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Doubts overshadow Poland’s selection procedure of candidates for ECtHR judges

♦ On 21 February 2020, the Secretary General of the Parliamentary Assembly of the Council of Europe sent a letter inviting Poland to submit a list of three candidates for the post of judge of the European Court of Human Rights by 8 March 2021.

♦ On 9 October 2020, the Ministry of Foreign Affairs announced a competition for the post of judge of the European Court of Human Rights requesting that candidates submit their applications by 6 November 2020.

♦ On 21 December 2020, the Helsinki Foundation for Human Rights, the National Bar Council and the National Association of Attorneys at Law wrote to the Council of Europe’s Advisory Panel of Experts on Candidates for Election as Judge to the European Court of Human Rights, raising their concerns about the competition procedure.

A faulty procedure

In May 2020, the Helsinki Foundation for Human Rights, the National Bar Council and the National Association of Attorneys at Law wrote to the Minister of Foreign Affairs, presenting their comments and recommendations concerning the Polish procedure for shortlisting candidates for ECtHR judges. The proposals highlighted, among other things, the need to ensure greater transparency of the procedure and more robust safeguards of independence of the members of the body selecting the candidates. In its response to that statement, the Ministry of Foreign Affairs stressed that it was not possible to make the proposed changes in the current procedure.

Contrary to what had been announced, the ministerial order issued on 2 October 2020 did amend the 2012 order on the appointment of the Team for the selection of candidates for the office of judge of the European Court of Human Rights in Strasbourg. However, the amendment did not address the concerns expressed in the statement of the Helsinki Foundation for Human Rights, the National Bar Council and the National Association of Attorneys at Law. In particular, nothing has been done to resolve the issues relating to the Team’s composition, which not only does not meet the requirement of gender-balanced representation but also includes only representatives of the executive.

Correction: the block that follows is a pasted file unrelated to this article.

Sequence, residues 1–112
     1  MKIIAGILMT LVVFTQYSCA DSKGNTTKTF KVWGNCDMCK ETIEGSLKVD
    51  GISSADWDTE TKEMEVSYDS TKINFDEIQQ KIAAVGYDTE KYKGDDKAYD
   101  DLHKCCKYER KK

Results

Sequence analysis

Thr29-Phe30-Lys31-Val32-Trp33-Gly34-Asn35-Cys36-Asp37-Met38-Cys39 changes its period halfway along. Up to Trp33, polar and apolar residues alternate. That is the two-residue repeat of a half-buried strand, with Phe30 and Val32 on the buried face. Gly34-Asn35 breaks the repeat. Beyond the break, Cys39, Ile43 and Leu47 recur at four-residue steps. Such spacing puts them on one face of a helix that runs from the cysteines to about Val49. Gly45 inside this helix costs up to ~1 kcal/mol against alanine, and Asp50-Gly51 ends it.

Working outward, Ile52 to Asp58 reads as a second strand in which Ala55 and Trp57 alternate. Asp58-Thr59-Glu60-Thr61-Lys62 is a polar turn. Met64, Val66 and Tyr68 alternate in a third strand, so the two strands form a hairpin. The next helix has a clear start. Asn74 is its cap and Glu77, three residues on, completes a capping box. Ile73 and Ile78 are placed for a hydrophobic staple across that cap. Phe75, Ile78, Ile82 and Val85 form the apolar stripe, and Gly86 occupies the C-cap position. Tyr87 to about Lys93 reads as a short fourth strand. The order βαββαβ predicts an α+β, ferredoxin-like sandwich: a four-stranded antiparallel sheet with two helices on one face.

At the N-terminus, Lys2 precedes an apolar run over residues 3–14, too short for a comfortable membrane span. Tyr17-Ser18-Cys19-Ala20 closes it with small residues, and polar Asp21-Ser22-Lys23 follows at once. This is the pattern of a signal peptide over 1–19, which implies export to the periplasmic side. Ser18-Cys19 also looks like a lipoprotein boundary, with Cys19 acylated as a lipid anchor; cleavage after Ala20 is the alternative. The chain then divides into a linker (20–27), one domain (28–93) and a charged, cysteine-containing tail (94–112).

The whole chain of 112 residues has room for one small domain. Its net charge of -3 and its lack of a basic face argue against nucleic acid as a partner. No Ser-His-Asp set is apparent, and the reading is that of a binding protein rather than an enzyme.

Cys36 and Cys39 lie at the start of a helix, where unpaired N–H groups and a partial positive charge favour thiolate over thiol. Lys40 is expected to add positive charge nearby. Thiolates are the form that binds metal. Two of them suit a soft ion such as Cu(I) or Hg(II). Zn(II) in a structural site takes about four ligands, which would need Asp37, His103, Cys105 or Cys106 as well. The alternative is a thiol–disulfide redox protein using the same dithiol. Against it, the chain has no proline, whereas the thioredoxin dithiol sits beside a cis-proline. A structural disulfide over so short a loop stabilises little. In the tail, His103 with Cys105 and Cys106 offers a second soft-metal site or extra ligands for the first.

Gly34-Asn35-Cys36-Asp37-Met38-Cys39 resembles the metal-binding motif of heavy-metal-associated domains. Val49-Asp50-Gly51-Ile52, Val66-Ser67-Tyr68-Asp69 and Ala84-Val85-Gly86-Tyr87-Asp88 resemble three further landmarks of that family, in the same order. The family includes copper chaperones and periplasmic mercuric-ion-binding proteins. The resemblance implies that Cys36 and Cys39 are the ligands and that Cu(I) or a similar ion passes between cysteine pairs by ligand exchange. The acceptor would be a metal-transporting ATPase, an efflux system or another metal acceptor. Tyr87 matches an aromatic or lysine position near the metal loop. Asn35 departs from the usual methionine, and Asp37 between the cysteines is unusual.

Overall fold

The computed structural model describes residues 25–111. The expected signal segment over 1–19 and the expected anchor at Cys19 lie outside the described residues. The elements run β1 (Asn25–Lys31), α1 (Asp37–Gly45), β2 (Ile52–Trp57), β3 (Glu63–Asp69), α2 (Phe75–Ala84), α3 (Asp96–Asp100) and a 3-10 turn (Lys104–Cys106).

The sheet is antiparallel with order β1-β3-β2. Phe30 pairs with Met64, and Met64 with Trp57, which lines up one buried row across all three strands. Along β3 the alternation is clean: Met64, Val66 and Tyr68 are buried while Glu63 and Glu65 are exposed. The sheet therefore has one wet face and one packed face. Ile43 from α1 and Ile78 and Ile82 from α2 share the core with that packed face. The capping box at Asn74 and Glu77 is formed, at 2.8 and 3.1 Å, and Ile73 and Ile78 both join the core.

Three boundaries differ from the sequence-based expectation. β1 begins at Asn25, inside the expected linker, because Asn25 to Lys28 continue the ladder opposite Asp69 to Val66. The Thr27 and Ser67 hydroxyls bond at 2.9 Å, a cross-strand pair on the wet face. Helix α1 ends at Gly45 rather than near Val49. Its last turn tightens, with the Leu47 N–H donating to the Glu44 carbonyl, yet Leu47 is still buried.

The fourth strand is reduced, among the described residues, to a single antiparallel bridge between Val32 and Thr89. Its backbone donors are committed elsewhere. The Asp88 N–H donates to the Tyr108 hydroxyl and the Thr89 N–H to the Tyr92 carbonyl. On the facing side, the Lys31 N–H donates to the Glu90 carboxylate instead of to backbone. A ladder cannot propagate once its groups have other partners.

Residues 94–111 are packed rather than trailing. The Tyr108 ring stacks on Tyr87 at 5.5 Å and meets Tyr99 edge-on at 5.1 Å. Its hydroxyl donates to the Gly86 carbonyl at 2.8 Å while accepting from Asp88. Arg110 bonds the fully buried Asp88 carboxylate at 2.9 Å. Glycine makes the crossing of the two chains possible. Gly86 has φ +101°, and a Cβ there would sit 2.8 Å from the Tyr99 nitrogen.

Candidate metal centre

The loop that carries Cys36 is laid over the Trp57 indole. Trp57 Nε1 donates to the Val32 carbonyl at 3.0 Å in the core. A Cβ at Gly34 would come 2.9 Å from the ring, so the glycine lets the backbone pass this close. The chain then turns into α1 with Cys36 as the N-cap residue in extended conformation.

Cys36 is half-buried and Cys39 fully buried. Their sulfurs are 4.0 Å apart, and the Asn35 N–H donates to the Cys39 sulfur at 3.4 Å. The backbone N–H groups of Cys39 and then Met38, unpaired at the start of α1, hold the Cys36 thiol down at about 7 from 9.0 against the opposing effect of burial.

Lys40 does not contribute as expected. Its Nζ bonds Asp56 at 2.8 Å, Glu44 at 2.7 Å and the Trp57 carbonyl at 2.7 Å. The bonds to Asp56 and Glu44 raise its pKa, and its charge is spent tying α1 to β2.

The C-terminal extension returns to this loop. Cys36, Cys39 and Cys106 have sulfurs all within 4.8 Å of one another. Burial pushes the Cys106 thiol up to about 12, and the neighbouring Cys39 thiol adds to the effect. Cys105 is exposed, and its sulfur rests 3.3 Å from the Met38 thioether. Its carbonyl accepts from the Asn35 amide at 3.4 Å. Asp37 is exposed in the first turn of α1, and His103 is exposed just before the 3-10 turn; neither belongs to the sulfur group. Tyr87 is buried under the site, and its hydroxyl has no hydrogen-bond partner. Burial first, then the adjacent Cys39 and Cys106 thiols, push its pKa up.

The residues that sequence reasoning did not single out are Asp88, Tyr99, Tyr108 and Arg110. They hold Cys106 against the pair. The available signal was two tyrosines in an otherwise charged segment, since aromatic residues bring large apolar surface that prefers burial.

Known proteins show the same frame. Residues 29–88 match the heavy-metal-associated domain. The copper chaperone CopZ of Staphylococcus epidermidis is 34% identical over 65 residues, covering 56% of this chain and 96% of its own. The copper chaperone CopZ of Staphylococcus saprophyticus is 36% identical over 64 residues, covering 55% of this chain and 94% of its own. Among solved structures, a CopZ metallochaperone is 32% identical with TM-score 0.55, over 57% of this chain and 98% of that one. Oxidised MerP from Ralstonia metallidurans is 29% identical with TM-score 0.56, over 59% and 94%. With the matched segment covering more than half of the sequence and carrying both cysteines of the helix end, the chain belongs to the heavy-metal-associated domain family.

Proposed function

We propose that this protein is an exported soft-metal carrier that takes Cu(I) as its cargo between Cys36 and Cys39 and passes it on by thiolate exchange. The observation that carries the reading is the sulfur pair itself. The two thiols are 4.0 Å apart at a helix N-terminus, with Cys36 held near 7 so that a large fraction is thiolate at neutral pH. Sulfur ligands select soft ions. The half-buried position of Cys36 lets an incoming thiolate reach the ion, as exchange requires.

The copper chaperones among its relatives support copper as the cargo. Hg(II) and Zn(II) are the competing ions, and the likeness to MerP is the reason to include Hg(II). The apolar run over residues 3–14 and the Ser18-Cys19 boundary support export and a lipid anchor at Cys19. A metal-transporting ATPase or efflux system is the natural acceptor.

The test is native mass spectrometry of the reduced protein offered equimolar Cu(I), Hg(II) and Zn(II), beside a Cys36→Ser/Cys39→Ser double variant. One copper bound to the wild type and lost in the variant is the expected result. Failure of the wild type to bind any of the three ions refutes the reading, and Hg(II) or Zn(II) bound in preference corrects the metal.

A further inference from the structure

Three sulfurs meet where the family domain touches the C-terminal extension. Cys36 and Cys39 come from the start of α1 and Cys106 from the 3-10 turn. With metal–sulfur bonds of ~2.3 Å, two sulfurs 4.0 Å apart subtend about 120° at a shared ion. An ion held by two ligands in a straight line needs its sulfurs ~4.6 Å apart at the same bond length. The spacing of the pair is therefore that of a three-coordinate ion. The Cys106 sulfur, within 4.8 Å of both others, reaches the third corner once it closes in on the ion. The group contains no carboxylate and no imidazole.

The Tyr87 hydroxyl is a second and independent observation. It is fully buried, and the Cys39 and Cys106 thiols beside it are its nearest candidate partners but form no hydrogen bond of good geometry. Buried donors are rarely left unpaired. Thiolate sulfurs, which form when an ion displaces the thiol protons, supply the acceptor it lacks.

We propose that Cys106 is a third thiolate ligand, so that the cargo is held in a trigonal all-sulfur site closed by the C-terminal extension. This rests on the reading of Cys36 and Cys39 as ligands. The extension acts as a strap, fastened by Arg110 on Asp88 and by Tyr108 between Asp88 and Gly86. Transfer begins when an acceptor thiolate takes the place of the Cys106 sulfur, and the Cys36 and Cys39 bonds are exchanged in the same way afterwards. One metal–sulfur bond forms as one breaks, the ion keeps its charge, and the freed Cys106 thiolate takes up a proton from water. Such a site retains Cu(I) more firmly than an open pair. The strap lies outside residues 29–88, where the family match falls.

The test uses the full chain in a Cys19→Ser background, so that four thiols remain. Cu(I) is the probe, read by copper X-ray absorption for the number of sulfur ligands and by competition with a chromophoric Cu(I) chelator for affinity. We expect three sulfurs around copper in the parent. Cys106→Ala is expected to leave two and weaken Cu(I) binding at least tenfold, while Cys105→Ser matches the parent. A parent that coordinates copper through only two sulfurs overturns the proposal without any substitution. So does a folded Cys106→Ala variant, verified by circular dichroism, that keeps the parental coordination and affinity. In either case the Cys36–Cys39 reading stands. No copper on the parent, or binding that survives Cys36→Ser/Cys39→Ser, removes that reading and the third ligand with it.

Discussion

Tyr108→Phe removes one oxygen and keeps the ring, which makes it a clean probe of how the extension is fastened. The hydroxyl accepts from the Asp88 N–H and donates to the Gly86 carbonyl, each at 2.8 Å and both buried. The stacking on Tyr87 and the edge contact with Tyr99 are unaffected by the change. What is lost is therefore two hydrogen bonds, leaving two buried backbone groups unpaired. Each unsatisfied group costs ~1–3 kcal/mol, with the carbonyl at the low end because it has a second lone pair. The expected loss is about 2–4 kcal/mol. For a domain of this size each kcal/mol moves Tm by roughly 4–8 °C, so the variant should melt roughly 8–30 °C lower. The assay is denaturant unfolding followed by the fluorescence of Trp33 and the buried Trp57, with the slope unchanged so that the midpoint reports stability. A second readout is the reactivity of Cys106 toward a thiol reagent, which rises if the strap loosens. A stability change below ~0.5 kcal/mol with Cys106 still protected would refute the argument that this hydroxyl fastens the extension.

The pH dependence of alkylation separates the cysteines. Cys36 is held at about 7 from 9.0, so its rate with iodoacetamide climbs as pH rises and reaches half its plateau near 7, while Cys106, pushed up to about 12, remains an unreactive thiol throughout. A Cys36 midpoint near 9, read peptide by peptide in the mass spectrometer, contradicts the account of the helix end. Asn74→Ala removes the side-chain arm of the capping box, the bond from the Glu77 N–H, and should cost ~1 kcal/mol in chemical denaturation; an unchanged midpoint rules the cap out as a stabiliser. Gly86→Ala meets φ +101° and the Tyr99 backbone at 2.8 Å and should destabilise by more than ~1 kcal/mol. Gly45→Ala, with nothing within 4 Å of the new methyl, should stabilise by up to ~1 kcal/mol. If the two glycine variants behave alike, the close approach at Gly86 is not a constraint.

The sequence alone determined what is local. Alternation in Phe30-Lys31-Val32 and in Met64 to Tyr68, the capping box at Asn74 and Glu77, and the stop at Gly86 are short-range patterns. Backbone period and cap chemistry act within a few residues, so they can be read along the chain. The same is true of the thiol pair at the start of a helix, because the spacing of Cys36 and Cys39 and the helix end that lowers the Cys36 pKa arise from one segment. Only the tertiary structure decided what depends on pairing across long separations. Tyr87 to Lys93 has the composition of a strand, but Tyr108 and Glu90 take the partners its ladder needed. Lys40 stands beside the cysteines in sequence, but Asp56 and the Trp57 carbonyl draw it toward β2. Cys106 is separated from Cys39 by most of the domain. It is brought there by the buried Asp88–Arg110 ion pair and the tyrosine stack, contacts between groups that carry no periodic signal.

Changes needed, but…

The Foundation’s representatives were invited to meet with members of the Ministry’s Team. During the meeting, which took place on 20 November 2020, members of the Team did not contest the raised objections but pointed out that at the then-current stage of the proceedings it was already too late to implement the proposed measures. Such an argument comes as a surprise since the relevant letter co-signed by the Foundation was sent to the Ministry of Foreign Affairs more than three months before the Minister amended the relevant order, almost six months before the Team’s first meeting.

A small but insufficient step…

It is certainly worth noting that the Ministry of Foreign Affairs has taken steps to improve public access to information on the national procedure for the selection of candidates for ECtHR judges by publishing updates on its official website. Moreover, the Ministry recognised the comments and recommendations of the HFHR, the National Bar Council and the National Association of Attorneys by inviting the persons participating in the procedure to voluntarily disclose their names. However, only 3 out of 17 candidates revealed their identity (the Team eventually selected candidates from a shortlist of 15 names). Nevertheless, the key concerns about the shortlisting process have not been addressed as the Team for the selection of candidates for the office of judge of the European Court of Human Rights remains exposed to political pressures and does not allow independent observers to participate in the Team’s activities. These shortcomings can be considered a “primordial sin” of the Polish Government.

The selection procedure under EU scrutiny

Given the national efforts taken so far, members of the coalition monitoring the pending process decided to make the Council of Europe’s Advisory Panel of Experts aware of the problems encountered at the national stage of the procedure.